Wednesday, December 20, 2017

An observation...

It seems to me (right now, anyway) that holders of group privilege (e.g., white privilege, male privilege, human privilege etc.) are mostly oblivious to that privilege (in part because society conditions us/them to be so and in part because it was bestowed on us/them, we/they did nothing to earn/deserve it) but those who are harmed/impacted by that privilege are often (however they're also conditioned to be oblivious to privilege and to assign harms from that privilege to their own shortcomings, etc., but it often doesn't "take" as well because of lived life experiences) acutely aware of being harmed/impacted.

And...just to add complication on top of complication, we can occupy both privileged and marginalized identities simultaneously. E.g., white and female, etc., black and male, etc...complexity is the rule, not the exception. 


Feeding into this insidious/effective social conditioning is the common situation that it is generally easier to discern whenever we are hurting than it is to discern that we are hurting others...especially if we've been conditioned to disregard the voices (this disregard is manifested by believing such stuff as: "women are too emotional", someone is "too sensitive", etc.) of those belonging to less privileged groups.

We have receptors for pain built into our physical bodies, but as far as I know, we don't have any receptors that signal when we're inflicting pain on others.

Empathy can serve that function for us but it doesn't tend to have the same immediacy and salience as do our sensations of pain. We have to work at attending to our empathy, our pain smacks us up beside the head.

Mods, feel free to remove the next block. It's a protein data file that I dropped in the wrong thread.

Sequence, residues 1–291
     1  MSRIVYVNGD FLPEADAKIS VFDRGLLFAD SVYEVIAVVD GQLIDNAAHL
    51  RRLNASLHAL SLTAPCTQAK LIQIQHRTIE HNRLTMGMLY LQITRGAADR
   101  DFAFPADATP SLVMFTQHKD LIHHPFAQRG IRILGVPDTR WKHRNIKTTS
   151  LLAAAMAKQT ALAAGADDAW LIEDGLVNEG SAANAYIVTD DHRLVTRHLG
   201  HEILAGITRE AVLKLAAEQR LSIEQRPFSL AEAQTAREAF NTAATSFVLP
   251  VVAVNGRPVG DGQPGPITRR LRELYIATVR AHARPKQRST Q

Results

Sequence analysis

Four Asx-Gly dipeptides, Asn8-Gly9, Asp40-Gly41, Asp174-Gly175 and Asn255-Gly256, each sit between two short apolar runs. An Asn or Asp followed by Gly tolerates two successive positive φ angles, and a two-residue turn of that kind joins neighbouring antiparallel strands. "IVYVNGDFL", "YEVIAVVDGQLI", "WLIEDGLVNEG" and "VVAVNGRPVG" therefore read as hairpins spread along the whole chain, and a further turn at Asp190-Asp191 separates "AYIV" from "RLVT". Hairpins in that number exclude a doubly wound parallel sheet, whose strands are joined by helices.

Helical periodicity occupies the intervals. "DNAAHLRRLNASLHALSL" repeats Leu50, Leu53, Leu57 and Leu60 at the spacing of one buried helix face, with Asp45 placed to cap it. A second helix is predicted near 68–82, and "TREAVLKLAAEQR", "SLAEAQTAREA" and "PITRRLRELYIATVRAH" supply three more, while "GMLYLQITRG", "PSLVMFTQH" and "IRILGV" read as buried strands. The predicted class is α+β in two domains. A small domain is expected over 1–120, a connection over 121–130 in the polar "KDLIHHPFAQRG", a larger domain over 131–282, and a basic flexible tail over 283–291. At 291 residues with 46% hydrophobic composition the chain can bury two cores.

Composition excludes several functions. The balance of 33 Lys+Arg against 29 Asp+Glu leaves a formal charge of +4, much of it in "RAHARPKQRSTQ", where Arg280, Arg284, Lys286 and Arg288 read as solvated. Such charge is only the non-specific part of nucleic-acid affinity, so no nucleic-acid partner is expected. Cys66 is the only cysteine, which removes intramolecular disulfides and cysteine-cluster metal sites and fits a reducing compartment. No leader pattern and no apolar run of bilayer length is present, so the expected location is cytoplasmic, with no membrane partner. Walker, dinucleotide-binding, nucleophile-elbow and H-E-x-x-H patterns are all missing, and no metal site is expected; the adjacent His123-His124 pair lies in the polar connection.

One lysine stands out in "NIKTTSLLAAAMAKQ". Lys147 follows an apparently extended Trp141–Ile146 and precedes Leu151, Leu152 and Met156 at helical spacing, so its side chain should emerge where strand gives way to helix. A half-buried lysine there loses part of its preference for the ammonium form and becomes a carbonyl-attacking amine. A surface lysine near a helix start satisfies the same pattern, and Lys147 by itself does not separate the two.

Racism and sexism (and other structural oppressions) haven't persisted for centuries simply because there are lots of human a**holes (although such folks certainly contribute to it and we all are a**holes from time to time)...there are a number of social conditioning processes (which are difficult to discern and are also extremely effective) that uphold the "isms" of oppression.

These conditionings encourage/ensure the participation of "good people" in oppressive well as their socially encouraged obliviousness to that participation.


This means that since I occupy several identities that bestow privilege on me (human, white, male, etc) my task is to constantly struggle to recognize the harm that my privilege(s) entail and work to counter it. And...I fail at this, constantly...jeez.

Saturday, December 9, 2017

The United States of Huck?

George Saunders  titled his essay “The Braindead Megaphone” and he wrote:

“America is, and always has been, undecided about whether it will be the United States of Tom or the United States of Huck. The United States of Tom looks at misery and says: Hey, I didn’t do it. It looks at inequity and says: All my life I busted my butt to get where I am, so don’t come crying to me. Tom likes kings, codified nobility, unquestioned privilege. Huck likes people, fair play, spreading the truck around. Whereas Tom knows, Huck wonders. Whereas Huck hopes, Tom presumes. Whereas Huck cares, Tom denies. These two parts of the American Psyche have been at war since the beginning of the nation, and come to think of it, these two parts of the World Psyche have been at war since the beginning of the world, and the hope of the nation and of the world is to embrace the Huck part and send the Tom part back up the river, where it belongs.”